December 2022 NewsLetter Newsletter

Climate Justice News

  • The British Social Attitudes Survey found that two fifths of participants were very concerned about the environment and just over a fifth said that it was one of the top two issues for the country as a whole. The comparable figures for 2010 were 22 per cent and eight per cent. Almost half of the respondents now see climate as the most important environmental issue, compared to less than a fifth in 2010. Nearly two thirds thought that climate change was extremely or very damaging to the environment compared with just over two fifths in 2010.
  • A report by the UK Energy and Climate Intelligence Unit states that the EU, China and India look likely to reduce their greenhouse gas emissions faster than expected but that the UK currently is taking insufficient action to meet its targets.
  • COP15 in Copenhagen set a $100bn a year climate finance target which was intended to be met by 2020, but this target has not been met. Analysis by Carbon Brief found that the US had so far given 19 per cent of its share, Canada 37 per cent and the UK 76 per cent.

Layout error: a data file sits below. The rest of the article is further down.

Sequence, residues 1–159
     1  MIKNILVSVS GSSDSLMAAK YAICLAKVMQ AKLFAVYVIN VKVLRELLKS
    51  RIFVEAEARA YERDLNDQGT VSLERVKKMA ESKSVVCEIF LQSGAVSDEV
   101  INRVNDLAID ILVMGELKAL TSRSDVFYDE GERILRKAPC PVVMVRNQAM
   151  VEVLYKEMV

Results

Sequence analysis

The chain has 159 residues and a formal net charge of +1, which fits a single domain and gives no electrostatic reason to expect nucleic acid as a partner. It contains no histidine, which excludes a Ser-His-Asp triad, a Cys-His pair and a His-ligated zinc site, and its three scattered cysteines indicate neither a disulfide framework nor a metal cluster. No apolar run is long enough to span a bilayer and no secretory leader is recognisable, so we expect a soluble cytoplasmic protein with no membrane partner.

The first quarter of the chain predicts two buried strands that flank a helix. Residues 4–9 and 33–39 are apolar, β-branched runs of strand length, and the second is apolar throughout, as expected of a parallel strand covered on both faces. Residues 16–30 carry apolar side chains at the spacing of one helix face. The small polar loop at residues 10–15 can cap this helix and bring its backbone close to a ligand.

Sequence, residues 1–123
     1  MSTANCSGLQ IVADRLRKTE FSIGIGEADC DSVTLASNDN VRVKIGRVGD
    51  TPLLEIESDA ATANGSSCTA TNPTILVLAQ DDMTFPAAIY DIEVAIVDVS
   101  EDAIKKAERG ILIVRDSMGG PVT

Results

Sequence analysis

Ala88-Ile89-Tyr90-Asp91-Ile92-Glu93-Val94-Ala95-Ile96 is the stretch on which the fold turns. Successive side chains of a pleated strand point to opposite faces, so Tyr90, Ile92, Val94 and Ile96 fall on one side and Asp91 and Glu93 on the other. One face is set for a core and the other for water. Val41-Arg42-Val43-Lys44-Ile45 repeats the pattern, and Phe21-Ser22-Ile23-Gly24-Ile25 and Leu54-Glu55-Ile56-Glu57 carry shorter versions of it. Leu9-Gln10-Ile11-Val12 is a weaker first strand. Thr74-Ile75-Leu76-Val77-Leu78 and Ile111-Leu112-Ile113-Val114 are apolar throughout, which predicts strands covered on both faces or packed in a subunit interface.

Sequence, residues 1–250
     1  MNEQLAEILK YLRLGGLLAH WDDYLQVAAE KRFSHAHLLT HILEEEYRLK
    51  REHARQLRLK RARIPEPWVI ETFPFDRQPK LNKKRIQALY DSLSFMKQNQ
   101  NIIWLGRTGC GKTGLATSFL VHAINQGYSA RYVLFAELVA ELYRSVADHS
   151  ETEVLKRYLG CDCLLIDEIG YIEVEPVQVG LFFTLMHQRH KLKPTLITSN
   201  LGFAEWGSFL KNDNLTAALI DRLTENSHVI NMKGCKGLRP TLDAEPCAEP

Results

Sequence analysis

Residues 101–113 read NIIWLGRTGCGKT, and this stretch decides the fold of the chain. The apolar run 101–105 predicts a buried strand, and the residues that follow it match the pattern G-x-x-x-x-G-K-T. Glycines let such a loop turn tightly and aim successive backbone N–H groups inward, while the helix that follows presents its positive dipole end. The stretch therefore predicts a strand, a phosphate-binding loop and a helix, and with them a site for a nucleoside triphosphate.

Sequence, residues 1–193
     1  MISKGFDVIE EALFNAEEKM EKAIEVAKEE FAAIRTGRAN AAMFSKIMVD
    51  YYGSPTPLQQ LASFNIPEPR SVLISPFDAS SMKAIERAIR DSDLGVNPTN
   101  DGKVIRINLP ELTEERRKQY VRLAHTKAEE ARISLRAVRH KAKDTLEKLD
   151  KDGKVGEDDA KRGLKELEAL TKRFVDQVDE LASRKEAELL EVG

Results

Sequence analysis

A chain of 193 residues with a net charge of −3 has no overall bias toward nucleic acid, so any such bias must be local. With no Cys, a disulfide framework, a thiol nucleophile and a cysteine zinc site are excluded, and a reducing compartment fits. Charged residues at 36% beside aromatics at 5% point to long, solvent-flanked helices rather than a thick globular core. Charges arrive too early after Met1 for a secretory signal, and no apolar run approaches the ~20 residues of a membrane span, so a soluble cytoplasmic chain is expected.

• Climate change is forecast to cause at least £870bn in damage a year by intensifying storms, floods, droughts and other disasters. Poorer, developing countries bear the brunt of this and there were calls for the first time at COP27 for reparations or for the creation of a ‘Loss and Damage’ fund contributed to by richer countries and the major producers of greenhouse gas emissions like the USA and China. Agreement to establishment of this fund was unexpectedly reached at the last minute, but it is likely to take at least a year to determine the outline of who will pay how much to whom.  
  • According to Global Justice Now, Chevron, ExxonMobil, BP, Shell and Total Energies are responsible for more than 11 per cent of global historic CO2 emissions and it argues that they too should make reparations to countries vulnerable to climate change.
  • UK Export Finance, the UK’s export credit agency, has pledged to suspend its debt service demands whenever a low-income country is suffering from damage from a hurricane, flood or similar crisis.